Transformers: The IDW Collection Vol. 5

It happens in cycles for me. I get into Transformers (again), which then leads way to reading comic books (again). This time it's the Transformers comics I've gotten myself into. I found the first free issue of All Hail Megatron on Comixology, and that was enough for me to get the hardcover for IDW Collection #5.

Transformers: The IDW Collection Volume 5
Collects All Hail Megatron #'s 1-12, All Hail Megatron: Coda #'s 13-16
By Shane McCarthy, Guido Guidi, Simon Furman et al.

This thing retails for $49.99, it was on Amazon for $35. Looks like it's temporarily out of stock right now. The hardcover contains all 16 All Hail Megatron issues, and omits a few tangential Spotlight issues that were in a prior collection.

The maxi-series serves as a jumping-on point for new readers, and I must tell you, it worked for me. If you're used to the pedigree on this blog, you'll know I'm used to angsty superheroes, Batman punching people in the face, silly sound effects. So it's a bit of a jump to read about talking, transforming robots.

I first thought this was an "Elsewords" style of story, an alternate universe where the Decepticons won the war and the Autobots had to vacate Earth. But it's actually a "soft reboot" of the universe, and merely takes place 1 year after the previous IDW stories, which happened around Maximum Dinobots. The jump makes some drastic changes to the universe, and it's exciting to unravel them across the 12 issues. For example, you see the effects of the war when Perceptor changes from a laboratory scientist to a hardened sharpshooter. Or, Megatron ripping out the Matrix of Leadership from Optimus Prime's chest.


Yes this actually happened. It definitely helps to have some familiarity with the characters. For example, there are a couple of pages for the new character Drift where, if you didn't know his backstory, you'd be out of the water for those two pages. But if you have some familiarity with the characters, even from just the movie, I could see you enjoying it.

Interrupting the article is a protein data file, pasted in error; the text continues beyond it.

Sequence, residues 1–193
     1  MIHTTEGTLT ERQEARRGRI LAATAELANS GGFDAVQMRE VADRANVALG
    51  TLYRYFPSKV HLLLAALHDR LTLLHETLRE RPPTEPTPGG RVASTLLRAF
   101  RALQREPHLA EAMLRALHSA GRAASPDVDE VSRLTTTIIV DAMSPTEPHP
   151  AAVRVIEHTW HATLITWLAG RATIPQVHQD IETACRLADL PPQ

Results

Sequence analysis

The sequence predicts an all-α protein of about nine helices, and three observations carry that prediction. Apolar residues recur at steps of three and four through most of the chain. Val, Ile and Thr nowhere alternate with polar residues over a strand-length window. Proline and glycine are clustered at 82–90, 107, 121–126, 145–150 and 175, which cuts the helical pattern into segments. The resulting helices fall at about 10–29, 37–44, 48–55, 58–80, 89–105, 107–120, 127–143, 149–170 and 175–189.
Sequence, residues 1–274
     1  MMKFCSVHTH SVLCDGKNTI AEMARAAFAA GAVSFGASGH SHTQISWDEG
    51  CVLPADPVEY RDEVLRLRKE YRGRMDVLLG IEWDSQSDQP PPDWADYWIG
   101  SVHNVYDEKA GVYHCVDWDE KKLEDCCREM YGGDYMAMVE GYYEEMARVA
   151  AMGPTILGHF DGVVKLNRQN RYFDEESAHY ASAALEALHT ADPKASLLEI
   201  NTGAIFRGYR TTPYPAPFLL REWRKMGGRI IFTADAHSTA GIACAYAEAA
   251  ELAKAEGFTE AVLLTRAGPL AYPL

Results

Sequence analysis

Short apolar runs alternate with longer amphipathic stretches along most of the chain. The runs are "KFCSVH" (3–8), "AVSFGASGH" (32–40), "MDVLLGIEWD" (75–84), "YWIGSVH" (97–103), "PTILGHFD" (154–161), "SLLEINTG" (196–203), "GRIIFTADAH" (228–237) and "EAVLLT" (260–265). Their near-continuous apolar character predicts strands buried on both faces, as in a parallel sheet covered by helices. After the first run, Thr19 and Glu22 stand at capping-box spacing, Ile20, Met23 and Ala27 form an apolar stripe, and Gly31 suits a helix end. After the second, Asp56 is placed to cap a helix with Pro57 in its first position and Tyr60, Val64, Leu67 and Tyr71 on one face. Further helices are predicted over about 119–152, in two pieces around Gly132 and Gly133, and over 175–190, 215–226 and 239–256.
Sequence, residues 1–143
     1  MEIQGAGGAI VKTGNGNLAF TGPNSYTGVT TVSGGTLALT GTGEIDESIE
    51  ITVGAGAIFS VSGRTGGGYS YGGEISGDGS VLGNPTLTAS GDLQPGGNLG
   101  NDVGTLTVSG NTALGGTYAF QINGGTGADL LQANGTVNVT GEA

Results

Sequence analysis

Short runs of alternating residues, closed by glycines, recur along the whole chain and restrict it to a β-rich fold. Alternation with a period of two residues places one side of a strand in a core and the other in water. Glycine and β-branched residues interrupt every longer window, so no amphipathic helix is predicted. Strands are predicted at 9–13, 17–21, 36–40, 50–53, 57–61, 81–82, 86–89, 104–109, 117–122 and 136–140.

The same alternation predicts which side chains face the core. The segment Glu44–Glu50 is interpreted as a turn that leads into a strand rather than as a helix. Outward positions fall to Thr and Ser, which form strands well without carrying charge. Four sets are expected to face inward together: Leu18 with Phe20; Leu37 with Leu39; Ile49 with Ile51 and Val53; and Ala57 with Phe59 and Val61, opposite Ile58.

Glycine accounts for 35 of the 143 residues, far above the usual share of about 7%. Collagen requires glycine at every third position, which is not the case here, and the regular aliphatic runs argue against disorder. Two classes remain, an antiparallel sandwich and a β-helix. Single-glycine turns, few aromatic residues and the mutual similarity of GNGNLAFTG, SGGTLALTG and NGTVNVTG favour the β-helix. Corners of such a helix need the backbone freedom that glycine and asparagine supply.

I'm particularly fond of the inversion of the typical, "good guys win, bad guys lose" story that the Transformers tend to adhere to. You learn to fear the Decepticons and just how powerful they really are. It's a slaughter. When the Decepticons raid New York, the human beings flee underground, eg, to the Subway. A great place for the Locomotive Transformer Astrotrain to pillage!

I was thinking about the best place to categorize this story. There's intrigue, betrayal, tactics and flashbacks. I'd call it a comic book war drama, and a good one at that. It's a great introduction to Transformers comics.

Now the flipside.

I was particularly disappointed that there wasn't a cover gallery. There are 16 issues in the collection, but only 3 covers: The cover for the trade paperback All Hail Megatron vol. 1, All Hail Megatron vol. 2 and volume 3. There are no DVD-style extras, cover gallery or sketch art that you might expect from a luxurious hardback like this. As the series pushed out, there were all these Russian Propaganda-esque covers that I was fond of. It's a great visual. The only other place I can recall comics did this was in Superman: Red Son.

So I made a collage of the 12 issues, broken up by volume, myself. I got the images all from tfwiki.



Isn't that just the sickest? Here's one last screenshot, from All Hail #12. Omega Supreme the launchpad/rocket transformer, takes on Devastator, a robot built from 6 construction transformers, and shoots him through the Statue of Liberty.


Robot violence: there's nothing like it.

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